The latest single to be released from London-based jazz musician Ben Marc’s – the alias of Neil Charles – forthcoming album, Sometimes Slow is in a similarly impressive vein to last year’s collab with Midnightroba Breathe Suite A, swelling from relatively hushed beginnings to a final third that pulses with untamed vigour.
London-based artist cktrl broke through with his debut Robyn EP last year, and safe is the final track from his new four-tracker zero which landed last week and starts life with a gently billowing cloud of echoing brass and soothing strings before ending with safe, a bassy, sensual, trappy cut with gorgeous vocals and a satisfying depth to its production.
Helmed by producer and saxophonist Pete Cunningham, the Bristol-based Ishmael Ensemble’s announced themselves as a new force in UK jazz with their 2019 debut A State Of Flow, a record I completely missed as I am vehemently opposed to anything jazzy, or jazz-related. Until now it seems, as I absolutely love their new album Visions Of Light, and Feather in particular which is amongst the more beautifully chill things I’ve heard for ages. It would actually be easier if this record didn’t exist as I was quite happy in my jazz-ignoring bubble, but here we are.
Flying Lotus occupies one of my many blind spots for artists I should really know about and be listening to a lot, but never seem to get around to. My thought process goes something like: Flying Lotus is really good / everyone seems to love him / I expect I’d really enjoy it if I dedicated a bit of time to exploring his catalogue / that seems like hard work / I’ll just listen to Nation of Language again. So it’s odd that what’s essentially a soundtrack album is the one that’s caught my attention, but here we are. Mind Flight is taken from Yasuke – which is a six-part Anime series for Netflix – and the entire thing is brilliant. But I guess you already knew that, didn’t you?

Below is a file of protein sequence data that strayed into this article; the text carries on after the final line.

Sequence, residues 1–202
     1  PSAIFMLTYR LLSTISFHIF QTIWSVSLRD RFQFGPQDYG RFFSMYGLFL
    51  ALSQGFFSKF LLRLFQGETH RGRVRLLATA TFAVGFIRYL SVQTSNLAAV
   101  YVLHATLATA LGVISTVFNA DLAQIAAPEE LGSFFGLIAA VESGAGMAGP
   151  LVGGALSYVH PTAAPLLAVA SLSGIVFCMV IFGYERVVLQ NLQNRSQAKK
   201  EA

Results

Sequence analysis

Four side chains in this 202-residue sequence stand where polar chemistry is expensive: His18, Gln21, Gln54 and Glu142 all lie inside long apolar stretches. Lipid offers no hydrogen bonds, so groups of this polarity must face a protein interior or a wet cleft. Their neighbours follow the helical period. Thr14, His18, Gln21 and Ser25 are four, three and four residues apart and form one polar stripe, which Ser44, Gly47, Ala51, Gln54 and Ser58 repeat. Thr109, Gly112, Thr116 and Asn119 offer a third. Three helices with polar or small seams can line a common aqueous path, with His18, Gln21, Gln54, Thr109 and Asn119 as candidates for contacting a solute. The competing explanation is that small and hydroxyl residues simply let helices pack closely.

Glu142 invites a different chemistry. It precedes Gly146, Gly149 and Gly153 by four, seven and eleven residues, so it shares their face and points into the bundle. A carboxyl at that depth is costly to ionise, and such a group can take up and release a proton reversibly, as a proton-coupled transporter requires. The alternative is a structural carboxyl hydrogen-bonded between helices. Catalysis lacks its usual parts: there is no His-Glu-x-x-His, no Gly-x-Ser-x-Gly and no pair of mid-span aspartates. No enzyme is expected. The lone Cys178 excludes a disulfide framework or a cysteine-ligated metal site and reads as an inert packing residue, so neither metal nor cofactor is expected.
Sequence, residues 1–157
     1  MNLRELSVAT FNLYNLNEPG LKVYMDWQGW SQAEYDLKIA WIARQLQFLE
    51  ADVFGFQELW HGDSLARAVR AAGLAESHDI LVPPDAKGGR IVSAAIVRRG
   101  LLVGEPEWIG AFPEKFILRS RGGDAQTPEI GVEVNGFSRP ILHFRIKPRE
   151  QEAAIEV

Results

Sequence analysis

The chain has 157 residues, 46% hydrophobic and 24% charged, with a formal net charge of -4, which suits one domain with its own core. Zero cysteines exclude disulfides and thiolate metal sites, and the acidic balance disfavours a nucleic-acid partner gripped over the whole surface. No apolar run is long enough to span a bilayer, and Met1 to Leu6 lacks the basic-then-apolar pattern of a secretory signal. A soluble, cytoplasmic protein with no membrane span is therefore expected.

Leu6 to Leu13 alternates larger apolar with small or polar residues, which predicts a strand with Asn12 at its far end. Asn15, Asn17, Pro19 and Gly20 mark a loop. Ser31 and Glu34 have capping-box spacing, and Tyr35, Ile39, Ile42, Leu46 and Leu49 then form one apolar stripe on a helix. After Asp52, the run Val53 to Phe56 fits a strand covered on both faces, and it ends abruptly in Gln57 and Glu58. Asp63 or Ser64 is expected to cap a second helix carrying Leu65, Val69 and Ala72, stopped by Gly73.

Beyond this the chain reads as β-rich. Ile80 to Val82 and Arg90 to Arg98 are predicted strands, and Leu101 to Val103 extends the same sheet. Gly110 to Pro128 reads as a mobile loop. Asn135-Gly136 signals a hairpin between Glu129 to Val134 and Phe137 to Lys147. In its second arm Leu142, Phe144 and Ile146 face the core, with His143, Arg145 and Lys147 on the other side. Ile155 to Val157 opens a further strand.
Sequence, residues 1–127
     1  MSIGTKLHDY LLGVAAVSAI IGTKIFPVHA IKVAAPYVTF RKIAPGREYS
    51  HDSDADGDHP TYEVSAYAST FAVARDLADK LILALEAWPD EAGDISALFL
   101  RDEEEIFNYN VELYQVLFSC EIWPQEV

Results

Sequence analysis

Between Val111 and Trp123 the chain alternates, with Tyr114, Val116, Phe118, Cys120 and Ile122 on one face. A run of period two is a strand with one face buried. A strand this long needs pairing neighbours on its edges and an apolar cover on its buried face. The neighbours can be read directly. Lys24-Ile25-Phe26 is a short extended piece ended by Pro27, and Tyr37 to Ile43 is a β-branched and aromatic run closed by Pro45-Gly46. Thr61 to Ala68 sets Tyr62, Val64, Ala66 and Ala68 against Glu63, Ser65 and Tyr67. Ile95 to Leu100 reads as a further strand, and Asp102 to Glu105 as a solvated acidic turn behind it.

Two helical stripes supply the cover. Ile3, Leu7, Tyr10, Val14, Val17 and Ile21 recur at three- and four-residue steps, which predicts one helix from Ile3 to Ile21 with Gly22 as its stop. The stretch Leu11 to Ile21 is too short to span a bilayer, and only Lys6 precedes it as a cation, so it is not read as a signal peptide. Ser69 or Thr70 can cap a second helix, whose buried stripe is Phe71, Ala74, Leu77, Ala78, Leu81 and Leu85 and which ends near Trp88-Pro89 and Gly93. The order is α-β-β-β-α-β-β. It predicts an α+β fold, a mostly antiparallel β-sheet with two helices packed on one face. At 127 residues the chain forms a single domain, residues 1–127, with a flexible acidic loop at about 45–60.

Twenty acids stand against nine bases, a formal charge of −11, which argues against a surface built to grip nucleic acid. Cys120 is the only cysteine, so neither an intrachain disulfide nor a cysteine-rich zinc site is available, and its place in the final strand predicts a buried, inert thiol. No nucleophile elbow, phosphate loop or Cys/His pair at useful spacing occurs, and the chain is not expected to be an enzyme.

The big news today is: commas are back. Specifically; commas in album titles, which I am bang into. Earlier I posted a track from Pale Honey’s Some Time, Alone, and now I’m getting all excited about Infinity Knives new album Dear, Sudan, which is so weirdly exquisite I’m not even sure how to describe it. In The Mouth Of Sadness is heavy on both reverb and emotion, and transitions from a gushing electro pop banger into a gently tinkling jazz ballad. And it’s probably one of the more ‘conservative’ records on there.
I have tried hard to love græ, the new album by Moses Sumney. It’s clearly brilliant, and the scale of it is pretty staggering, but I’ve found it almost overwhelmingly impenetrable on the many occasions I’ve sat down to listen. This is a failing on my part. However, there is a three-track run at the start of the second side of the double LP that is utterly sublime, kicking off with Two Dogs. I just wish I liked the rest of the album as much as these 10 minutes or so. I’m sorry, Moses: I have tried, and been found wanting.